Document Title Wartime Intelligence Reports and Codeword Documents to the Prime Minister Which have been Removed from Sir Winston Churchill's Papers at the Chartwell Trust Archives
Reference CAB 163/10
Conflicts Second World War
Themes Intelligence Gathering and Surveillance, Military Intelligence and Operations
Regions Africa, Atlantic, East Asia, Europe, Mediterranean, Middle East, North America
Countries Belgium, Bulgaria, China, Corsica, Croatia, Cyprus, Egypt, England, France, Germany, Gibraltar, Great Britain, Hungary, Indochina, Iran, Iraq, Italy, Japan, Libya, Madagascar, Morocco, Netherlands, Norway, Philippines, Romania, Russia, Sierra Leone, Singapore, Soviet Union, Syria, Turkey, United States of America, Yugoslavia
Document Type Reports, Correspondence, Signals Intelligence
Organisations Foreign Office, Joint Intelligence Sub-Committee, Security Service, Ministry of Defence
People Harold Alexander, Edward Bridges, Dwight Eisenhower, Charles de Gaulle, Hermann Göring, Adolf Hitler, Erwin Rommel, Josef Stalin


A file of intelligence reports and correspondence sent to and from the British prime minister in the years 1940 to 1945. The file consists largely of Winston Churchill's correspondence with British military commanders regarding the contents of intercepted German, French, and Japanese communications on the military situation throughout the war and across different theatres of operations, including North Africa, Italy, Western Europe, and the Pacific. The file also contains transcriptions and summaries of items, such as a communiqu� from the Japanese naval attach� in Berlin to the Japanese government in late 1944, containing an optimistic appraisal of Germany's military position across Europe. Other subjects covered by documents in this file include the number of U-boats destroyed in the Battle of the Atlantic; German troop movements prior to D-Day; French naval activities; the bombing of French factories that were producing munitions for the German war effort; and De Gaulle's suspicion of British and American expansionist motives which had "become an obsession".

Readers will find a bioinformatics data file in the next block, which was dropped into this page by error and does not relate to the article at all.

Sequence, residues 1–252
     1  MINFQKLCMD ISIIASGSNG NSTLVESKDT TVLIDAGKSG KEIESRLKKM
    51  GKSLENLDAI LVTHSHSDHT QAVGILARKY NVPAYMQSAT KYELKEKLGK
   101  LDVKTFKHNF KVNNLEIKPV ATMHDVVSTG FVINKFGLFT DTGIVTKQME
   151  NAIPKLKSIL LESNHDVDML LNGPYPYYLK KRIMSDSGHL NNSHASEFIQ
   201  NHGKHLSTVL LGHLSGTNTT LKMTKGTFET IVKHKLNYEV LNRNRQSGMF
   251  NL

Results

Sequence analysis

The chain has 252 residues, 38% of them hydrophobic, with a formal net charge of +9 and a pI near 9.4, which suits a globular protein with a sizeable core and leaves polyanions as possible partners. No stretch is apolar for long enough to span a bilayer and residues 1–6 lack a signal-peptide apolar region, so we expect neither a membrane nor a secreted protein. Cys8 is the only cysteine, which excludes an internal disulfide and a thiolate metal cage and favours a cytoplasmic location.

bombing, air raids, factories, Anglo-French relations, chemical warfare, convoys, politicians, naval intelligence, naval warfare, French navy, German air force, German navy, German U-boats, German army, colonies, empire, Arab world, military operations, military intelligence, Pacific War, Joint Intelligence Sub-Committee duties, code words, cyphers, telegraph communications, military situation reports, signals, intelligence channels, predicting enemy intentions, tanks, manpower, assessing enemy strength, defence, geographic intelligence, fortifications, mapping, intelligence distribution, German-Italian relations, diplomatic intelligence, conferences, allies, diplomatic officials, casualties, Battle of the Atlantic, military strength, military organisation, troop movements, communications interception, communications, German-Japanese relations, recruitment, training, Vichy regime, submarines, French armed forces, Japanese navy, United States Navy, imperialism, French politics, armaments, weapons production, industry, German propaganda, air power, attach�s, Eastern Front, missiles, rockets

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